Post race
Warm down:

On the top you get some warm tomato soup from the organizers and I think that is the best soup I have ever had. There is also a tiny rock hut where they have an indoor cafe. During the race they keep it open for the racers and their crews. My crewmember now has to leave me. The organizers wants everyone down from the top before darkeness comes and only the racers gets to do the easy ride down. During the good old cold war the Norwegian Army and probaly the US too saw the crazy need for a funicular inside the mountain so that crews could maintain the radars on the top during bad weather and winter. So a top secret tiny 40% incline cable car goes down inside the mountain. It can take only 10 people at the time and it takes you 10 minutes to reach the bottom 800 meter lower. Here you exit from a steep car to a tiny electric railcar that takes you straight out of the mountain. The new glasnost and lack of cold war has made this instalation available to us racers but it is still not opened for general traffic. Since its capacity only racers gets to take it, my crew runs down on his own and I spend 1,5 hours waiting for my turn along with other finishers. Once at the bottom my crew is waiting with a warm car to take us to a local hostel where we have two tiny huts waiting for us and some much needed sleep.

Event comments:

It is one of the races that cannot be compared to others. You need your own crew, it has extreme climbs, climate, nature. Overall it is one of those one in a life time. But at least one athlete has done every race for as long as they have done it 7 seven years in a row. You meet some pretty damn impresive athletes and the setting, crew and athmosphere is electric.
The whole NORSEMAN experience culminates the day after. Everyone meets to celebrate the winners and each others. This years winners where Tom Remman a local racer who lives next to the bike course. He did the race in 11:20 witch blows my mind, I cannot imagine what amounts of endless training that makes a body able to do this in that time. The winner of the women was Susanne Buckenlei from Germany Time 13:21. And then there is the rest of us 176 athletes that got the mighty BLACK T-Shirt. Lots of honour must go to the organizers and the sponsors. Please keep the race as it is. It makes it absolutely unique in todays racejungle!

What the hell am I to do next???!!!
Arne Nes Toronto Canada

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Last updated: 2008-10-30 12:00 AM
01:32:04 | 3800 meters | 02m 25s / 100meters
Age Group: 0/
Overall: 0/230
Performance: Good
Suit: Full blue seventy, hood and socks
Course: 3800 meters from the ferry to the dock of Eidfjord. Follows the south shoreline in to Eidfjord. Dept 0-400 meters
Start type: Deep Water Plus: Shot
Water temp: 17C / 63F Current: Medium
200M Perf. Average Remainder: Average
Breathing: Below average Drafting: Bad
Waves: Average Navigation: Good
Rounding: Good
Time: 07:08
Performance: Good
Cap removal: Good Helmet on/
Suit off:
Wetsuit stuck? No Run with bike: No
Jump on bike: No
Getting up to speed: Average
08:04:56 | 180 kms | 22.27 km/hr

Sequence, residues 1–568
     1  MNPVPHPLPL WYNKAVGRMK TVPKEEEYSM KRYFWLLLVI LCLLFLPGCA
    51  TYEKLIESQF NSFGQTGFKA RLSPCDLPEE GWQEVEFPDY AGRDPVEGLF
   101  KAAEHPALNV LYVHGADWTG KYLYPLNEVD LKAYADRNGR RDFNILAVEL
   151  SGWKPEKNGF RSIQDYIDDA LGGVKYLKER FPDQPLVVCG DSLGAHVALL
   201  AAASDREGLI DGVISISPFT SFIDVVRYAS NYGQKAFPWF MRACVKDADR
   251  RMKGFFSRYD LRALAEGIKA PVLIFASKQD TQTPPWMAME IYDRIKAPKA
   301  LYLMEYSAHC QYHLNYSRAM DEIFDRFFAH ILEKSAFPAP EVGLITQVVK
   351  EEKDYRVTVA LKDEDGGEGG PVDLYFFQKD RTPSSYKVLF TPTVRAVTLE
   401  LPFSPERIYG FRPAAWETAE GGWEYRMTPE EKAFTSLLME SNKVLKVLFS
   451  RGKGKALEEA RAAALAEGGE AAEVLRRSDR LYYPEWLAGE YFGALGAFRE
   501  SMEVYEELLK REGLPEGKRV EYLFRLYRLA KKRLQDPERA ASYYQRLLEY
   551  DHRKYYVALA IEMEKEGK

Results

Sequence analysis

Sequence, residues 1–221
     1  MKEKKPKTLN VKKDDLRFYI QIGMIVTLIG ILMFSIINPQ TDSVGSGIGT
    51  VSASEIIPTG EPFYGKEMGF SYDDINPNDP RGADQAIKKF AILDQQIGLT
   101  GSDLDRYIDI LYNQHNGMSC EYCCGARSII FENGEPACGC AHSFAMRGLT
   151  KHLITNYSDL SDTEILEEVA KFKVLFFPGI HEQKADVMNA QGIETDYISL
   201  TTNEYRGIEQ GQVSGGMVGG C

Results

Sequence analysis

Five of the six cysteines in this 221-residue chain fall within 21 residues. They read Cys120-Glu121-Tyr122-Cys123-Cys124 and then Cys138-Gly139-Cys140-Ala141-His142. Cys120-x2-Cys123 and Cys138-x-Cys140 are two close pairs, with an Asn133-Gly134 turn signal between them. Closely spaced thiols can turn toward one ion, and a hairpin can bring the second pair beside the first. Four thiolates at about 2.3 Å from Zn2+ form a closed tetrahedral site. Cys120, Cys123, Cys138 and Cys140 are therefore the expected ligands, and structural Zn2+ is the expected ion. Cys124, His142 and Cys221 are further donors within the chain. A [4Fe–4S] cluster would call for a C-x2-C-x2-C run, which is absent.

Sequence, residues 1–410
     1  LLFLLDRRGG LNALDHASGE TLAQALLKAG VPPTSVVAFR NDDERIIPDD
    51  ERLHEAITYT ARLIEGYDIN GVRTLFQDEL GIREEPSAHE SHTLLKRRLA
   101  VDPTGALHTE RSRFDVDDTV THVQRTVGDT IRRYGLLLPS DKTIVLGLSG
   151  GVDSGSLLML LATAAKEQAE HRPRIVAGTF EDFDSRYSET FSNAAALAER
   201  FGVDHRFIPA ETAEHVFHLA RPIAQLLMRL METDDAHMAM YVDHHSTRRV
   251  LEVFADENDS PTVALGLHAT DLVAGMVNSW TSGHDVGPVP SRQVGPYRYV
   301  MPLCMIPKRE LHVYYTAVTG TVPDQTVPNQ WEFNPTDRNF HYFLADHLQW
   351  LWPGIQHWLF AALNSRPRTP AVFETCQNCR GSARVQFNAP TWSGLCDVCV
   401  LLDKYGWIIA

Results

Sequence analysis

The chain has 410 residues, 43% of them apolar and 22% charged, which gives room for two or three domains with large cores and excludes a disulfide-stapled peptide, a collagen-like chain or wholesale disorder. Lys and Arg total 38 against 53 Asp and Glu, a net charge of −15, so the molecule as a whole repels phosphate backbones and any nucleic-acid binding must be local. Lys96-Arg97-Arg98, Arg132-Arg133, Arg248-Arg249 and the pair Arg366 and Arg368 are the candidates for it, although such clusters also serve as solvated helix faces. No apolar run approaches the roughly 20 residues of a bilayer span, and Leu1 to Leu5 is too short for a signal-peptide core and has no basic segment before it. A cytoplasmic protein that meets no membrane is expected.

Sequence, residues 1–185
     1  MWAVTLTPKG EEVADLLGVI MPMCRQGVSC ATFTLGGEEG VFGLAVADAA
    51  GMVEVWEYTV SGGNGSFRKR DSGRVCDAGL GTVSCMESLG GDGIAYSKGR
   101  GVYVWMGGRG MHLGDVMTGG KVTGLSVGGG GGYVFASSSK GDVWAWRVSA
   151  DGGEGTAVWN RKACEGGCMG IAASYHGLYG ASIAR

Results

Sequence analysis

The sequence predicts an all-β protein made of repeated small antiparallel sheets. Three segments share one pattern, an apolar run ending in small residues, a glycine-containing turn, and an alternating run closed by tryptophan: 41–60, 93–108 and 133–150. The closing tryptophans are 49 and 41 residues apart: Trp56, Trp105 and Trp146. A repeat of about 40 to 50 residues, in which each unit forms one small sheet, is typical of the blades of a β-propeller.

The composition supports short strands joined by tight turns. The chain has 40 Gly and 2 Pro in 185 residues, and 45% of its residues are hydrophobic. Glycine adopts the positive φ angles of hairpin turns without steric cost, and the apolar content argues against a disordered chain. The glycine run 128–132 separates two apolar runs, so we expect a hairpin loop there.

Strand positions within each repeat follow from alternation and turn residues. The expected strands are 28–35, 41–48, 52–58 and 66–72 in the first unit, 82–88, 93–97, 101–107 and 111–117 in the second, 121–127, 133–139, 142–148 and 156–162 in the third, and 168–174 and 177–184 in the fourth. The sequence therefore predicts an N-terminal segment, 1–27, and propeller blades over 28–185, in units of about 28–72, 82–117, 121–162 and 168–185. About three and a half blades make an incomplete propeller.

Age Group: 0/
Overall: 0/230
Performance: Good
Wind: Headwind with gusts
Course: Brutal bike course: First hill is 40 km and takes you up 1300 meters. After that more mountains up and down, final mountain is Imingfjell and it forces you 700 meters up through switch backs at 10%. More descriptions under commens.
Road: Rough Dry Cadence:
Turns: Average Cornering: Average
Gear changes: Good Hills: Good
Race pace: Comfortable Drinks: Just right
Time: 05:17
Overall: Good
Riding w/ feet on shoes
Jumping off bike Average
Running with bike Average
Racking bike Good
Shoe and helmet removal Good
06:31:05 | 42.2 kms | 09m 16s  min/km
Age Group: 0/
Overall: 0/230
Performance: Good
Course: There is no other marathon course like this on mother earth. It lures you into thinking that this is just a nice run along a very nice road and lake, lots of trees gives shade and your crew member is there to handle all your needs. But after 25 Km it turns into what makes the NORSEMAN what it is. Just before entering Rjukan where the Heroes of Telemark did their sabotage during the war the road turns left and you have 10% climb for the next 7 km. No one runs, you just try to have a steady stride and good speed uphill. They call it ZOMBIE hill. Once you pass 32 Km it levels out a bit and you have to pass a medical check. This is also the first cutoff point. Then you continue on the road to 37 KM here you have next and LAST cut off. This is also where you pick up your backpack with food, drink and clothing for the last and final climb. This is also where you have to have a crewmember joining you. If you dont make the first cutoff point you can have a shot at the white T-shirt, they will let you finish the distance on the road making it the second toughest full distance race in the world.
Keeping cool Good Drinking Not enough
Post race
Weight change: %
Overall: Good
Mental exertion [1-5] 5
Physical exertion [1-5] 4
Good race? Yes
Course challenge Just right
Organized? Yes
Events on-time? Yes
Lots of volunteers? Yes
Plenty of drinks?
Post race activities: Good
Race evaluation [1-5] 5